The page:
XLRator Media's Region 1 DVD includes a terrific widescreen transfer framed in the original 2.35:1 aspect ratio with low grain and strong details and colors and two English Dolby Digital audio options in 5.1 and 2.0. On regular televisions there won't be much difference in the dual soundtracks, but they are both clear and feature zero distortion and robust volume levels for the dialogue, music, and ambient effects. Extras are limited to a chatty commentary track with the Soskas and stars Isabelle (literally phoning it in) and Risk that is all over the place in terms of tone but makes for an amusing and occasionally informative listen, a fine behind-the-scenes featurette (17 minutes), and a trailer for American Mary. Previews for Saturday Morning Mystery and Inbred play upfront before the main feature.
The Film: 4/5
Cast-Jesse James, Magda Apanowicz, Bill Moseley
Country of Origin-U.S.
The Film: 3/5
On his 18th birthday Johnny Petrie (Jesse James, Jumper) leaves the side of his hospitalized religious nut mother (Geraldine Hughes, Gran Torino) and journeys to a small town in Maine where a farm he has inherited resides. Upon his arrival Johnny is informed by the realtor (Jaiden Kaine, Hellbenders) that the farm belonged to his real family and that the women who has raised him since birth is in fact his aunt. His actual father had murdered his wife and two children 18 years ago as part of a mysterious ritual but baby Johnny was spirited away and hidden just before he could become the final sacrifice. Johnny decides to stay at the house while the realtor makes arrangements for the property to be sold to a developer and investigate the circumstances behind the death of his entire birth family. He makes a new friend and potential romantic interest in gorgeous squatter Emma (Magda Apanowicz, Caprica) and inflames the rage of a group of hostile locals lead by the bullying Mack (Noah Fleiss, Brick) who know all too well the horrors once brought into their quiet town by Johnny's crazed preacher father. Things get even stranger when the town's obsessed former sheriff (Bill Moseley) starts lurking around the place, and scarier when the dark forces that haunt the deserted family home resurface to finish the work they began almost twenty years ago.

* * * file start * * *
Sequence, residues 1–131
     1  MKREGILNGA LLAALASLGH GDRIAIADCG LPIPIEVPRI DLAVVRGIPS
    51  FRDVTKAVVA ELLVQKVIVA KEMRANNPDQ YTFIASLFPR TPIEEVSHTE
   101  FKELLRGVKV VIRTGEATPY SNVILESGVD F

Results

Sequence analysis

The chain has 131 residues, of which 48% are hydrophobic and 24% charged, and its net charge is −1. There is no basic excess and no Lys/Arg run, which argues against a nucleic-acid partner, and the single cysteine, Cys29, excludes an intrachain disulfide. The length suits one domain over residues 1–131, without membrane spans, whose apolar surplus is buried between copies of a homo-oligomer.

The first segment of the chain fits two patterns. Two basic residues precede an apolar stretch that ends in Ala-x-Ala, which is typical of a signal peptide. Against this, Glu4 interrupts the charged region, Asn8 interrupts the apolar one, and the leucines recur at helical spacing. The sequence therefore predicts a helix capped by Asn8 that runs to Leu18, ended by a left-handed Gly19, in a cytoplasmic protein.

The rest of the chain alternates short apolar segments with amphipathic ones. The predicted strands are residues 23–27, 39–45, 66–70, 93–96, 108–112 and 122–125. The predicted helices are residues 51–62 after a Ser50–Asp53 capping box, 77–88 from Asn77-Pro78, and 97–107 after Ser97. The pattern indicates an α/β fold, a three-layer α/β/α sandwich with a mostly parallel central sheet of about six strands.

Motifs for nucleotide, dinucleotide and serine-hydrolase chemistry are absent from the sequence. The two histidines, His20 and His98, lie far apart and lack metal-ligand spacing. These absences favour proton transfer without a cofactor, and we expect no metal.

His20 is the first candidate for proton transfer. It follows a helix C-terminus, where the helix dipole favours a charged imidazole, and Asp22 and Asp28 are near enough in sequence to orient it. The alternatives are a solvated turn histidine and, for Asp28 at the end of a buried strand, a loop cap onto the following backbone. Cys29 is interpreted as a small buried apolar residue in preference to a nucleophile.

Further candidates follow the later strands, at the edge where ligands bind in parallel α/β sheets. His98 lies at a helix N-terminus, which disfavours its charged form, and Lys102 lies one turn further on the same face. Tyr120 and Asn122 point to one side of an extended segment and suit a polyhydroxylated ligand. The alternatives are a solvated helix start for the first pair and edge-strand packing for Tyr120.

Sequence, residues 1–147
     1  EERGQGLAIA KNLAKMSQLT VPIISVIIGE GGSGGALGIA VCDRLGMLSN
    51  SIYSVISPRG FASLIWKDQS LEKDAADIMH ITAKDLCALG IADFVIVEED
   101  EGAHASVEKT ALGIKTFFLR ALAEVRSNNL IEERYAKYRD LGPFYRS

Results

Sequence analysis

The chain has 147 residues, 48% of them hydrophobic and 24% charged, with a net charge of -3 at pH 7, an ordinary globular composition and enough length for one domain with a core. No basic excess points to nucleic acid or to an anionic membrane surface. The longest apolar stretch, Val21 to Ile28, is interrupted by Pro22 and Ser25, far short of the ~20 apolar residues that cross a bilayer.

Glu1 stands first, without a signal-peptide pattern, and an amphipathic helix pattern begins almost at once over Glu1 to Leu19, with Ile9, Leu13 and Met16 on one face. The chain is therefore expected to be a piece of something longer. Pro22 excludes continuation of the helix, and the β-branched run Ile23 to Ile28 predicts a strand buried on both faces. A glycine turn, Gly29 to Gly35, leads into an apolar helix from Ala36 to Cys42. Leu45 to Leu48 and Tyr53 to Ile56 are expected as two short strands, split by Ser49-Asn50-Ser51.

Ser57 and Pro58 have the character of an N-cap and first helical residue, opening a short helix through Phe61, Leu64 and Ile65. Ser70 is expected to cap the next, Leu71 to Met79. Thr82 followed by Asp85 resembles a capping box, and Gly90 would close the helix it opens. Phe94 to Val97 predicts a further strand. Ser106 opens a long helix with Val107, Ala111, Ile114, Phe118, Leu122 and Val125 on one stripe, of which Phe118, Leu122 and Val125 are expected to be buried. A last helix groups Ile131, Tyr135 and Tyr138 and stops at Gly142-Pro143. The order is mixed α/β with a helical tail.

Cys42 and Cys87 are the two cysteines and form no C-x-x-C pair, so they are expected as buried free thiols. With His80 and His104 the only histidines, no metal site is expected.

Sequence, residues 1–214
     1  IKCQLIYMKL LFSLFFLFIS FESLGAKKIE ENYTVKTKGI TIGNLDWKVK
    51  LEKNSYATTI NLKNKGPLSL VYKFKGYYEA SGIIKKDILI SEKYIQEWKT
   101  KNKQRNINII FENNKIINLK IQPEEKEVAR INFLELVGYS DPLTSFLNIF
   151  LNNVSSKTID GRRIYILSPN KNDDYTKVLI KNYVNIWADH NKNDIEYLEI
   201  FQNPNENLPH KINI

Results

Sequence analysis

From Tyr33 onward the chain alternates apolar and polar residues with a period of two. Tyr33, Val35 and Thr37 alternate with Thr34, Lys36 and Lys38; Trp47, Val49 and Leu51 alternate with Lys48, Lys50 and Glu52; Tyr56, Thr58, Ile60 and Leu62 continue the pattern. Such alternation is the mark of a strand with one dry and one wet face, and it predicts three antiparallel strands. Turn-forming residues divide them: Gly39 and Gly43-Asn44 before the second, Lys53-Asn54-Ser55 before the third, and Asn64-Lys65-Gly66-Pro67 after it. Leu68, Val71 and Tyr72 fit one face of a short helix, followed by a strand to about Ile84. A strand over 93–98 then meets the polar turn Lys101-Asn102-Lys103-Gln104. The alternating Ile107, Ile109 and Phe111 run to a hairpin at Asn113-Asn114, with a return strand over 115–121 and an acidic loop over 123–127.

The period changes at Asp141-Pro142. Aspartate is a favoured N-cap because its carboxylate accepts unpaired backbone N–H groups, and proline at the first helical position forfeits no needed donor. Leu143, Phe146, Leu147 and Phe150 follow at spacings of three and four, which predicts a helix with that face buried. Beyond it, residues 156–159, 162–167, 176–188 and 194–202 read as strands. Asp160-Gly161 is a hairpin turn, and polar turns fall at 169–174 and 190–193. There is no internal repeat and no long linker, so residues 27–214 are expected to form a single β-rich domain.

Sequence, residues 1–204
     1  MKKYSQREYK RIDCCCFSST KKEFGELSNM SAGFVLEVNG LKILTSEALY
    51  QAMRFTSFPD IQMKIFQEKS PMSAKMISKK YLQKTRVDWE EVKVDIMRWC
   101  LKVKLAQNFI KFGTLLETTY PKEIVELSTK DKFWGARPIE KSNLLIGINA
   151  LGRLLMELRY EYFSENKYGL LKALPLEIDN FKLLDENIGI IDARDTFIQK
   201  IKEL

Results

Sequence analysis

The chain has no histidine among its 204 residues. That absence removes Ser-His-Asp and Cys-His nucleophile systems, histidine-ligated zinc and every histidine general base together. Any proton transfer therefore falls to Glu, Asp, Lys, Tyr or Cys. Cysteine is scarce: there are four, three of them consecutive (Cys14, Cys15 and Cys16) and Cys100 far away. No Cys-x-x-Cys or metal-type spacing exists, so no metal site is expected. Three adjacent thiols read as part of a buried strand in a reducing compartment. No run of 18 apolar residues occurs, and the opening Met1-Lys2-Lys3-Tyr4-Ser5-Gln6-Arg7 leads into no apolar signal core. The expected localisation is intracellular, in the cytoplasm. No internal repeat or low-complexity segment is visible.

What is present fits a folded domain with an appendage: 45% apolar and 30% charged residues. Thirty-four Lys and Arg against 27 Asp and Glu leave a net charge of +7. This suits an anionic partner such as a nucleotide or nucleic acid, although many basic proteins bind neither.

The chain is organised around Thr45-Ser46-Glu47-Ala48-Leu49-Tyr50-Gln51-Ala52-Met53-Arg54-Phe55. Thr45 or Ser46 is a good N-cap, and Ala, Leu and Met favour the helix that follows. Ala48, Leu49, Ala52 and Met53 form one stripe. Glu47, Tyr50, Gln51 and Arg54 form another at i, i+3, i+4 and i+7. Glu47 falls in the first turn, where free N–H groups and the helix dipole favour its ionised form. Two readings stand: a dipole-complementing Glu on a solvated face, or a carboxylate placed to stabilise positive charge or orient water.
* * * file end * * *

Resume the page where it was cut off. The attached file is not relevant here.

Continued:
Filmed in multiple Connecticut locations and first aired on Chiller two years ago, Dead Souls is adapted from a novel by Michael Laimo and plays exactly like the sort of page-turning horror that tends to fly off the racks in paperback form. It has just about everything you could expect from a scary story that was clearly written by a fan of the genre rather than someone committed to telling an original tale. But despite its highly derivative nature, Souls is a fun bit of low-budget fright made directly for cable, commercial break fade-outs and everything.
Director Colin Theys and screenwriter John Doolan, whose last teamed up for the goofy sci-fi flick Alien Opponent, adapted the Laimo novel into a perfectly adequate time-passer and a full-motion checklist of every tired horror cliche and visual gag. Between the opening sequence that does an excellent job of getting things off to an intense start and the requisite violent finale we get creepy characters, warnings of doom, baby dolls used to terrifying effect, a vicious dog barking at anything close to evil, bloody apparitions, and phantom hands doing things to unsuspecting people that would get the living thrown in the pokey. Dark religious rituals, demonic possession, biblical codes that unleash the Egyptian gods, death by shovel, the dead returning to life, and blood and gore content acceptable by the standards of cable television help to create a movie that's entertaining to a fault but also boilerplate and almost never scary.
Regardless, Theys keeps the pace moving and trims every bit of fat from the story to create a lean and efficient flick that knows when to take the time to allow our characters to explore their haunted surroundings and the unoriginal narrative to unfold with respect to the viewer's attention and intelligence. James makes for a sympathetic hero, albeit one who never does anything heroic and comes off as a simpering goof in the closing scenes. Apanowicz is lovely and not without talent, Moseley's glorified cameo at least has him playing more of a sympathetic figure for once, Fleiss is a perfect pain in the ass, and as the solitary non-white actor in the cast Kaine's character is destined to die horribly and so he does. There's nothing in Dead Souls that you haven't seen before and done much better, but as a horror fan's love letter to the genre you could do an awful lot worse.